Thesis Topic Details

Topic ID:
What does a dishwasher's power consumption actually look like?
Salil Kanhere
Research Area:
Sensor Networks, Embedded Systems, Machine Learning
Associated Staff
Andreas Reinhardt
Topic Details
R & D
Group Suitable:
good understanding of computer networks and basic programming skills
Ongoing initiatives towards sustainability have led to an increased awareness of people about their electric energy consumption. As a result, people have begun to actively control the operation of certain appliances in their homes and workplaces in order to preserve energy. Still, energy consumptions of a large majority of devices go unnoticed, because people are not aware if and how these devices contribute to their overall energy consumption. In certain scenarios, deactivating electric devices may even lead to a larger energy consumption because the energy required to turn them on again significantly exceeds their continuous operating power, e.g. in the case of fluorescent lamps.

The objective of this topic is the collection and modelling of electric power consumption data for numerous appliances present in households and business environments, e.g. UNSW. The student(s) will therefore be provided with means to measure the power consumption, e.g. Plugwise Sting sensors (depicted above) or ammeters with computer interface. Further data will be made available from the Tracebase repository. Data should be collected for many different representative appliances during their activity phases. After collection, the data must be stored in a way such that it can be re-used easily at later times. In order to ensure the reliability of the data and avoid erroneous outliers, multiple activity peri-ods must be monitored for each appliance. As a side effect, students may use the sensor devices in their homes and gain insights on their personal energy consumption as well.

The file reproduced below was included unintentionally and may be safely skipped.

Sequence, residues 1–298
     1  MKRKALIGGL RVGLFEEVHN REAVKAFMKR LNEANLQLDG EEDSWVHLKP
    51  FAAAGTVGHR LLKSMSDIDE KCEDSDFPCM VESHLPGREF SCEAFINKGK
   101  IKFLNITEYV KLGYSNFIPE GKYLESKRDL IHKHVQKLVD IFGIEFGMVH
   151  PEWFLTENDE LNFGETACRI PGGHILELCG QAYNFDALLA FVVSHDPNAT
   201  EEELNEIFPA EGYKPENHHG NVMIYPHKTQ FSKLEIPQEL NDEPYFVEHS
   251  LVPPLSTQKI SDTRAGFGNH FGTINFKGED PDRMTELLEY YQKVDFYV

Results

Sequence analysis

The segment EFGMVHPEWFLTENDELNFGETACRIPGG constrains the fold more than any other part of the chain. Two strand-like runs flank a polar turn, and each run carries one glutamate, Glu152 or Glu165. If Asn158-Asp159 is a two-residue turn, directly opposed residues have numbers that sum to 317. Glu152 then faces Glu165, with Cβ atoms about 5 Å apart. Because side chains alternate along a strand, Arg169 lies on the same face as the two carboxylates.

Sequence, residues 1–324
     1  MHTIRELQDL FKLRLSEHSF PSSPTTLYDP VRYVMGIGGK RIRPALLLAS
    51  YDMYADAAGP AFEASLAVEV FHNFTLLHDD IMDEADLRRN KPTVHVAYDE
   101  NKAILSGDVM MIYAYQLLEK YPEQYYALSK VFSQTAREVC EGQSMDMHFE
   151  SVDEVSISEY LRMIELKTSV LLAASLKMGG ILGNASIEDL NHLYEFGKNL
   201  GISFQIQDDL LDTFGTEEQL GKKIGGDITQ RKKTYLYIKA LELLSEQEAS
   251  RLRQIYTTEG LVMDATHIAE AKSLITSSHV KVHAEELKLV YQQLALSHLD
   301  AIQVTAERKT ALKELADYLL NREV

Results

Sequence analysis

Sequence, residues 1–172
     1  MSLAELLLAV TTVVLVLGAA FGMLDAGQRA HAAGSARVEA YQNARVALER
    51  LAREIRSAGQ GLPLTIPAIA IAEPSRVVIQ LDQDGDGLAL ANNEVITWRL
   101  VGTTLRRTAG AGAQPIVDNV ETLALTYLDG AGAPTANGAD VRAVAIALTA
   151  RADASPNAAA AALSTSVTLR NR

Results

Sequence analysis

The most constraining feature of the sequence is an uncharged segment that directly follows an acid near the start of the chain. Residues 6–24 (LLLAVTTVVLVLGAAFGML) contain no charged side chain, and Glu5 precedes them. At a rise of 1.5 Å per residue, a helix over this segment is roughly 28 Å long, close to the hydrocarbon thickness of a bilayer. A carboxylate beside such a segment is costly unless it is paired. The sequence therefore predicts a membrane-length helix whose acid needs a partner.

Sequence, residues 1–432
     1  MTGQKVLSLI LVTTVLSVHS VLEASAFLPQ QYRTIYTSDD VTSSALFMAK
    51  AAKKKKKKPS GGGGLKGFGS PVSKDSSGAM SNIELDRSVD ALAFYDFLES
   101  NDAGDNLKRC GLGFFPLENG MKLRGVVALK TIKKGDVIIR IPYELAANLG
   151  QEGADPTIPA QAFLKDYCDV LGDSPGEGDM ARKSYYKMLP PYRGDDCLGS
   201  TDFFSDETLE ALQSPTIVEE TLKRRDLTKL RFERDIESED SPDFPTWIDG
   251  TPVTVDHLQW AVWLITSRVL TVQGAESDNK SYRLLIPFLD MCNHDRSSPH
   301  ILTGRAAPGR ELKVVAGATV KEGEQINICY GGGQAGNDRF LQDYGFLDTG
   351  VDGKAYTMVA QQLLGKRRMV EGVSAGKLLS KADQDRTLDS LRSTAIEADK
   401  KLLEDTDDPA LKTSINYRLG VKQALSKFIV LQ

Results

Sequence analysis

In the second part of the task at hand, the collected data shall be analysed with regard to the typical operating power characteristics of the monitored devices. This includes modelling the characteristics of the initial inrush power as well as during their steady-state operation. The approximation models should be optimised such that the discrepancy between actual and modelled consumption becomes minimal. A tool like MATLAB or GNU octave should be used to this end, but the student(s) can alternatively implement a similar functionality in Java. The outcome of this second part will be a compilation of appliance models, which describe their typical operating power consumptions. These descriptions have to be modelled in a way such that artificial traces can be generated based on these data.

The models created within the scope of this project will be used to create artificial power consumption traces for complete households for simulation purposes later. These traces will then be analysed, e.g. with regard to their energy optimisation potential and the possibility to detect individual appliances from aggregated power consumption data.
Students should be eager to work on cutting-edge research topics and have a fundamental understanding of electric units and measurement techniques. Moreover, programming skills in MATLAB and/or Java are highly beneficial in order to complete the assigned task.

Creativity is very helpful for the selection of relevant parameters on which the models will be based. Furthermore, students should be open-minded and actively interested in talking to other researchers about possible solutions to their problem before starting to implement so-lutions. Interaction with facilities management will be necessary in order to attach sensors to larger appliances.
Past Student Reports
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